Laptop open. Check. Cold drink. Check. Data points. Wait, what? If your content marketing client is asking you to take a data-driven approach to your next blog post or case study, you might be left wondering what to do. Marketers often adopt key tenets from the world of journalism, including the use of statistics, numbers and percentages, to bolster their writing.

The new practice of data journalism is not a completely new type of journalism. Rather, think of data analysis as simply part of journalism for the modern world. Reporting has always involved numbers. Today, technology enables journalists to use numbers less anecdotally, more authoritatively, and to uncover otherwise invisible stories. — The American Press Institute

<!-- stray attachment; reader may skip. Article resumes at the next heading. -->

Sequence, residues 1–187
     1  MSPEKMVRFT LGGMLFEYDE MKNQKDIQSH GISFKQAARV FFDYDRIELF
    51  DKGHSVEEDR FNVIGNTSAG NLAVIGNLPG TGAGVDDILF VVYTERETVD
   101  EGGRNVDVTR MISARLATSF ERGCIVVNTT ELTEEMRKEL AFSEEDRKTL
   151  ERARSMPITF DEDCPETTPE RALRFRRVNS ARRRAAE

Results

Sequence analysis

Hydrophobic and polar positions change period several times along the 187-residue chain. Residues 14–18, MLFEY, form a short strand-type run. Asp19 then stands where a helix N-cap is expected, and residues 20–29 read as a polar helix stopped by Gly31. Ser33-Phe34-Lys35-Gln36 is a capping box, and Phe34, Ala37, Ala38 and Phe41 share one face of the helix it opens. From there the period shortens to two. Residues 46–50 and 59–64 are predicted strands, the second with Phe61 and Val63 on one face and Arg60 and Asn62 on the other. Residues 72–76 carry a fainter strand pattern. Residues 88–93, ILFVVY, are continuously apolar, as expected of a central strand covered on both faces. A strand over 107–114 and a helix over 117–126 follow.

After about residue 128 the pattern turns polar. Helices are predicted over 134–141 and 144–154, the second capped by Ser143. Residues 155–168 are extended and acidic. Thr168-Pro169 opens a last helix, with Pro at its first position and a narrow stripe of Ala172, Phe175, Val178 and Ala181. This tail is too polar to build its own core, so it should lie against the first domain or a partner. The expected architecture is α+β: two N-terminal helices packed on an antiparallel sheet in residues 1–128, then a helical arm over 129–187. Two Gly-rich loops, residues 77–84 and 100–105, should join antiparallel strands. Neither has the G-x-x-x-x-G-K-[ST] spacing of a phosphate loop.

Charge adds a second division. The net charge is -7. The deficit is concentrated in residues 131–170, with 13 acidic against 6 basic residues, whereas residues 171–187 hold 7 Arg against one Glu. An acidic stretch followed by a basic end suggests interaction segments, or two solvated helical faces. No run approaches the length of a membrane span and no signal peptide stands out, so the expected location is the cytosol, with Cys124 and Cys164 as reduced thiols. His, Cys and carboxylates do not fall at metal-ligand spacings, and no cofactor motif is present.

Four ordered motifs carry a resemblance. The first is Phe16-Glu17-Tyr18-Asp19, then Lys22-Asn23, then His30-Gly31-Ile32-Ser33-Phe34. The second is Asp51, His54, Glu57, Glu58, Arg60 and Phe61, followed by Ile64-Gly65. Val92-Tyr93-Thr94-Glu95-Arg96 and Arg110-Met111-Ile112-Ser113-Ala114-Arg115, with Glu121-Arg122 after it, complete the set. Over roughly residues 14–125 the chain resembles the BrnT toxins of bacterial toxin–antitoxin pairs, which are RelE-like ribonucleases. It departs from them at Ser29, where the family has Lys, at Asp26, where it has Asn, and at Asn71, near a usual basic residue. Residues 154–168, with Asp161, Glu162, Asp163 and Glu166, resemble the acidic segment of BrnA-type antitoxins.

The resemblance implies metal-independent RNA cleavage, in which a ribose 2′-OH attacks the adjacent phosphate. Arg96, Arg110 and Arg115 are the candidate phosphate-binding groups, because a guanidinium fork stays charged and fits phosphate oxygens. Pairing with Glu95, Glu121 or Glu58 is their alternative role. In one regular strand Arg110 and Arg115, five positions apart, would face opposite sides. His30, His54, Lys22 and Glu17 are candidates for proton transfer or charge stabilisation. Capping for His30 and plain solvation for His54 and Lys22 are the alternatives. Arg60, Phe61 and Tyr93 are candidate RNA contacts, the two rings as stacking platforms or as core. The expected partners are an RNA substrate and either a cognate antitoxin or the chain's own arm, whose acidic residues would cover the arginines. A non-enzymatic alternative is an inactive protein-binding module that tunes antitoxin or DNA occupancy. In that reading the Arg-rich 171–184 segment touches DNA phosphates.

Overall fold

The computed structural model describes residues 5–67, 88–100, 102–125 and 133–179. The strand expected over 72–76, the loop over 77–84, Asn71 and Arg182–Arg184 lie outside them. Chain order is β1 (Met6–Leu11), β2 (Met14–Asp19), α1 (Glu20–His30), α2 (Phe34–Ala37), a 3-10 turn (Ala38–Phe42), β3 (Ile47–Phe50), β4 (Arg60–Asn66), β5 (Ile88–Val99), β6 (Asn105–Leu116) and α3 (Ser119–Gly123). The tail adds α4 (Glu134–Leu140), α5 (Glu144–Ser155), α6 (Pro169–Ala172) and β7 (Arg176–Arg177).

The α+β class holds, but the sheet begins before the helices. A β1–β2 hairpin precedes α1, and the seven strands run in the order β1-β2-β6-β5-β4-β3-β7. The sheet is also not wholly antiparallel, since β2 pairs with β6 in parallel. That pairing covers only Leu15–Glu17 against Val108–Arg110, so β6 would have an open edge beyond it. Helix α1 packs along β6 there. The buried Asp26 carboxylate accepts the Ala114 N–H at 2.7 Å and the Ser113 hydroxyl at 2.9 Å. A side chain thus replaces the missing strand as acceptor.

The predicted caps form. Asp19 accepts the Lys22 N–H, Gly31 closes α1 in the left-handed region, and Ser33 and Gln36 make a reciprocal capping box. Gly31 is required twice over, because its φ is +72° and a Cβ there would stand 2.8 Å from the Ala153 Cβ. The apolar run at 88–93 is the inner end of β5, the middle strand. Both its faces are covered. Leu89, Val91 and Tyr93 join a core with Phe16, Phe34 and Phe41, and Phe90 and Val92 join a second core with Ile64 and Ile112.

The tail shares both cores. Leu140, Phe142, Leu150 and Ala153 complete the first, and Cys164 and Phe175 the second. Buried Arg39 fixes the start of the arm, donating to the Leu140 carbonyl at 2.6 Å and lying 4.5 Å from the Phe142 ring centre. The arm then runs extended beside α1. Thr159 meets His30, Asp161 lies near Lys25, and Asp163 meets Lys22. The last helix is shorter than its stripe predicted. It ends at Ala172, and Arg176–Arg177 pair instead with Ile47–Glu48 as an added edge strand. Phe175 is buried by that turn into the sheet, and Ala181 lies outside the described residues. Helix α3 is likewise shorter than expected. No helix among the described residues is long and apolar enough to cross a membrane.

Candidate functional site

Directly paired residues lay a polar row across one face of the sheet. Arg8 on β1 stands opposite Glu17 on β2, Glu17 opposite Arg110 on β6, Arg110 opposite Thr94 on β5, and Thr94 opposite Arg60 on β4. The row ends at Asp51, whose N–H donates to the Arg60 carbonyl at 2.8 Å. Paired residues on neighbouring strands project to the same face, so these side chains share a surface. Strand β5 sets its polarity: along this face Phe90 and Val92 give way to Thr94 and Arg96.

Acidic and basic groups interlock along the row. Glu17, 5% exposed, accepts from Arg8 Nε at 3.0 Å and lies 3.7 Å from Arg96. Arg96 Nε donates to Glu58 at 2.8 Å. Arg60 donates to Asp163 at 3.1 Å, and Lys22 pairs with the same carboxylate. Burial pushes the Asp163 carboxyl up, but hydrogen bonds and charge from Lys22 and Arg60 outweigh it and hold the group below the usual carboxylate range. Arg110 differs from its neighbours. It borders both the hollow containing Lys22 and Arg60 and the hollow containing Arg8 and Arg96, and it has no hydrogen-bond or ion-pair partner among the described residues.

Weaving surprising or informative data into your marketing copy adds depth to your level of storytelling by introducing an element the reader can verify with the source. This inspires confidence. From a marketer’s perspective, data impacts marketing success, according to the omnichannel analytics management team at V12.

Here are a few takeaways from the piece:

  • Marketers are adding value to their campaigns by incorporating CRM data and real-time data from analytics.
  • 88 percent of marketers use data from third-party resources to better understand their customers.
  • Marketing data helps to better focus on targeting offers, content and messaging.
  • 44 percent of marketers have data management platforms at their fingertips.